US agrees to begin indirect talks on Iran’s nuclear program

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The US State Department on Friday said the US has agreed to talks next week with European, Russian and Chinese partners to identify issues involving its return to the 2015 Iran nuclear accord, nearly three years after Donald Trump pulled the US out of the deal.

State Department spokesperson Ned Price called the resumption of negotiations, scheduled for Tuesday in Austria, “a healthy step forward”. But Price added: “These remain early days, and we don’t anticipate an immediate breakthrough as there will be difficult discussions ahead.”

Agreement on the start of multiparty talks – being held to get Iran and the US over their differences on conditions for returning to the 2015 nuclear deal – came after talks Thursday brokered by other countries in the accord.

Trump pulled the US out of the Iran nuclear deal in 2018, and President Joe Biden has said rejoining the agreement is a priority for his administration. The Biden administration and Iran have differed on conditions for that to happen, including the timing of the lifting of US sanctions against Iran.

‘No Iran-US meeting. Unnecessary’

Iran though has ruled out any indirect talks with the US, or a step-by-step lifting of sanctions proposed for next week’s meeting.

“In line with the unchangeable guideline of Iran’s (Supreme) Leader, any result of the [talks] which would be based on the idea of a step-by-step removal of the sanctions or indirect negotiations with the US will not be acceptable,” Iran’s state-run Press TV quoted an unnamed source as saying.

Iranian Foreign Minister Mohammad Javad Zarif on Friday immediately stressed that no meeting was planned between officials from Iran and the US.

In a tweet, Zarif said the aim of the Vienna session would be to “rapidly finalise sanction-lifting & nuclear measures for choreographed removal of all sanctions, followed by Iran ceasing remedial measures. No Iran-US meeting. Unnecessary,” he added.

Working groups set up by Europeans

Diplomats had said earlier on Friday that officials from Tehran and Washington would travel to Vienna next week as part of efforts to revive the 2015 accord.

Price said the talks would be structured around working groups the European Union is going to form with the remaining participants in the nuclear agreement, including Iran.

The primary issues to be discussed are nuclear steps Iran would need to take to return to compliance with terms of the nuclear pact, and the sanctions relief steps the US would need to take in order to return to compliance as well, the statement said.

“We do not anticipate presently that there will be direct talks between the United States and Iran through this process, though the United States remains open to them,” Price said.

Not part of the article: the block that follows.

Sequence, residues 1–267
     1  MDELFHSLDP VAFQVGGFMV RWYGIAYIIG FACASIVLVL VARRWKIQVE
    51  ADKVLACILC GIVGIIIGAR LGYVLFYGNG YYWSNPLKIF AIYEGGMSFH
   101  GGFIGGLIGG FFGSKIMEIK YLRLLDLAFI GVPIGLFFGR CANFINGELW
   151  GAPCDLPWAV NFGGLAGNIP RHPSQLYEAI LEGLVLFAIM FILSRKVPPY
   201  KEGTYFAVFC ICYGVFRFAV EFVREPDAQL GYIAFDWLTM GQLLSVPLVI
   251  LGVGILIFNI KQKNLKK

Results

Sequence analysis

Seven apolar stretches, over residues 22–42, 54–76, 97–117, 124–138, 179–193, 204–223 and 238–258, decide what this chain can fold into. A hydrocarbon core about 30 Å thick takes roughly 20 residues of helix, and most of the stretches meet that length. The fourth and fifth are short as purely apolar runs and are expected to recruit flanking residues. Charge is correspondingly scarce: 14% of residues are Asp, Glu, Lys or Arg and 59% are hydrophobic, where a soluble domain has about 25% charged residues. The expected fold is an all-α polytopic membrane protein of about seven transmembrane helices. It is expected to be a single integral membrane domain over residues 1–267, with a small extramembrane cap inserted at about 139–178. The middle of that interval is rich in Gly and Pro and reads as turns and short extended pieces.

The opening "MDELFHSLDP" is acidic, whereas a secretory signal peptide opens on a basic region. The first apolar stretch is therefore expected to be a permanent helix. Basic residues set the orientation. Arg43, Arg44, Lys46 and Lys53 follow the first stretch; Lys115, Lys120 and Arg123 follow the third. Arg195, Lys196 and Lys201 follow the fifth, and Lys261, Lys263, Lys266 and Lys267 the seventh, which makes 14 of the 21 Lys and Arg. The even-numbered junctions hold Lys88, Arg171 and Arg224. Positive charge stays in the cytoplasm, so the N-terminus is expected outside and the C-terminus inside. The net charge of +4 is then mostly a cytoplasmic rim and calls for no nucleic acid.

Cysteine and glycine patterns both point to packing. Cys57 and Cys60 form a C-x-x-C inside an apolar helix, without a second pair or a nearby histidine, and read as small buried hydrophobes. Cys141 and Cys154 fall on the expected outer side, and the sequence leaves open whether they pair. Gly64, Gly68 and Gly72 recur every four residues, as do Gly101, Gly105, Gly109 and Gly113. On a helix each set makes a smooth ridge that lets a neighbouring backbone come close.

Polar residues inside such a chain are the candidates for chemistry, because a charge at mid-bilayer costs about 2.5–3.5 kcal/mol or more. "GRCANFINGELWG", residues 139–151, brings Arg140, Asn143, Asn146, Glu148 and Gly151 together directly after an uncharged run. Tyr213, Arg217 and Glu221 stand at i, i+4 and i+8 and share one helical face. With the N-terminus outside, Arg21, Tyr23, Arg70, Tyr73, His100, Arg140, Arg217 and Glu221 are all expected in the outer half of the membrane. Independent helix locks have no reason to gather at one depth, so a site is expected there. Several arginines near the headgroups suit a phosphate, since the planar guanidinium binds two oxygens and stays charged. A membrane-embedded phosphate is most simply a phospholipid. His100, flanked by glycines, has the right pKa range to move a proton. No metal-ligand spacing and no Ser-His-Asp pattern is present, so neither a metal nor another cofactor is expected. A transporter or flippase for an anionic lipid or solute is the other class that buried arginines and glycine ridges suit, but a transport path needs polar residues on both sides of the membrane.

The talks will begin in Austria on April 6.

‘The way ahead will not be easy’

Russia’s ambassador to international organisations in Vienna, Mikhail Ulyanov, said that “the impression is that we are on the right track, but the way ahead will not be easy and will require intensive efforts. The stakeholders seem to be ready for that”.

Any return of the US would involve complications.

Iran has been steadily violating the restrictions of the deal, like the amount of enriched uranium it can stockpile and the purity to which it can enrich it. Tehran’s moves have been calculated to put pressure on the other nations in the deal – Russia, China, France, Germany and Britain – to do more to offset crippling sanctions reimposed under Trump.

The International Atomic Energy Agency (IAEA) has said that over the past two years, Iran has accumulated a lot of nuclear material and new capacities and used the time for “honing their skills in these areas”.

As part of its ongoing violations of the Joint Comprehensive Plan of Action, Iran last month began restricting IAEA inspections of its nuclear facilities. Under a last-minute deal worked out during a trip to Tehran, however, some access was preserved.

Under that temporary agreement, Iran will no longer share surveillance footage of its nuclear facilities with the IAEA, but it has promised to preserve the tapes for three months. It will then hand them over to the Vienna-based UN atomic watchdog if it is granted sanctions relief. Otherwise, Iran has vowed to erase the tapes, narrowing the window for a diplomatic breakthrough.

(FRANCE 24 with AP and REUTERS)

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